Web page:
Socio-demographic, not environmental, risk factors explain fine-scale spatial patterns of diarrhoeal disease in Ifanadiana, rural Madagascar.


Evans MV(1)(2), Bonds MH(3)(4)(5), Cordier LF(4)(5), Drake JM(1)(2), Ihantamalala F(3)(4)(5), Haruna J(4)(5), Miller AC(3), Murdock CC(1)(2)(6)(7), Randriamanambtsoa M(8), Raza-Fanomezanjanahary EM(9), Razafinjato BR(4)(5), Garchitorena AC(4)(5)(10).
Author information:
(1)Odum School of Ecology, University of Georgia, Athens, GA, USA.
(2)Center for Ecology of Infectious Diseases, University of Georgia, Athens, GA, USA.
(3)Department of Global Health and Social Medicine, Blavatnik Institute at Harvard Medical School, Boston, MA, USA.
(4)PIVOT, Ranomafana, Madagascar.
(5)PIVOT, Boston, MA, USA.
(6)Department of Infectious Diseases, College of Veterinary Medicine, University of Georgia, Athens, GA, USA.
(7)Department of Entomology, College of Agriculture and Life Sciences, Cornell University, Ithaca, NY, USA.
(8)National Institute of Statistics, Antananarivo, Madagascar.
(9)Ministry of Health, Antananarivo, Madagascar.
(10)MIVEGEC, Univ. Montpellier, CNRS, IRD, Montpellier, France.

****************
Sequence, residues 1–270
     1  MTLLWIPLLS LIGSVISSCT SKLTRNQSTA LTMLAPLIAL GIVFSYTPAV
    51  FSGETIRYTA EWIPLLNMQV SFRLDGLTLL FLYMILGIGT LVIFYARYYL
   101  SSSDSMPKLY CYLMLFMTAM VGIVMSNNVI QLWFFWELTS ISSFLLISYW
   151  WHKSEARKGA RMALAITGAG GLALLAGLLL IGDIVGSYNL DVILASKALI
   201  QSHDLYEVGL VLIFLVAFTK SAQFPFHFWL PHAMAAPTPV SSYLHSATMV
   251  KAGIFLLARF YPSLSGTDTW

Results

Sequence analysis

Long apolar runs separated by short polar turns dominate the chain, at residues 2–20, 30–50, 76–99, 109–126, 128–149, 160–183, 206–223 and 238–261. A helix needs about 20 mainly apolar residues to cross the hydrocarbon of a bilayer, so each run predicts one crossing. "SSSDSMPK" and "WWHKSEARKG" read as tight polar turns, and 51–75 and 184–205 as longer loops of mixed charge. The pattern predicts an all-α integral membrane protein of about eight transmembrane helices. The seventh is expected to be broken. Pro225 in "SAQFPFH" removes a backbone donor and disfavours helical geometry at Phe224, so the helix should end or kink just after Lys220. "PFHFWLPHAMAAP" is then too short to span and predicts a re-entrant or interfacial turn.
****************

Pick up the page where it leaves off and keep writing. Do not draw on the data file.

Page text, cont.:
Precision health mapping is a technique that uses spatial relationships between socio-ecological variables and disease to map the spatial distribution of disease, particularly for diseases with strong environmental signatures, such as diarrhoeal disease (DD). While some studies use GPS-tagged location data, other precision health mapping efforts rely heavily on data collected at coarse-spatial scales and may not produce operationally relevant predictions at fine enough spatio-temporal scales to inform local health programmes. We use two fine-scale health datasets collected in a rural district of Madagascar to identify socio-ecological covariates associated with childhood DD. We constructed generalized linear mixed models including socio-demographic, climatic and landcover variables and estimated variable importance via multi-model inference. We find that socio-demographic variables, and not environmental variables, are strong predictors of the spatial distribution of disease risk at both individual and commune-level (cluster of villages) spatial scales. Climatic variables predicted strong seasonality in DD, with the highest incidence in colder, drier months, but did not explain spatial patterns. Interestingly, the occurrence of a national holiday was highly predictive of increased DD incidence, highlighting the need for including cultural factors in modelling efforts. Our findings suggest that precision health mapping efforts that do not include socio-demographic covariates may have reduced explanatory power at the local scale. More research is needed to better define the set of conditions under which the application of precision health mapping can be operationally useful to local public health professionals.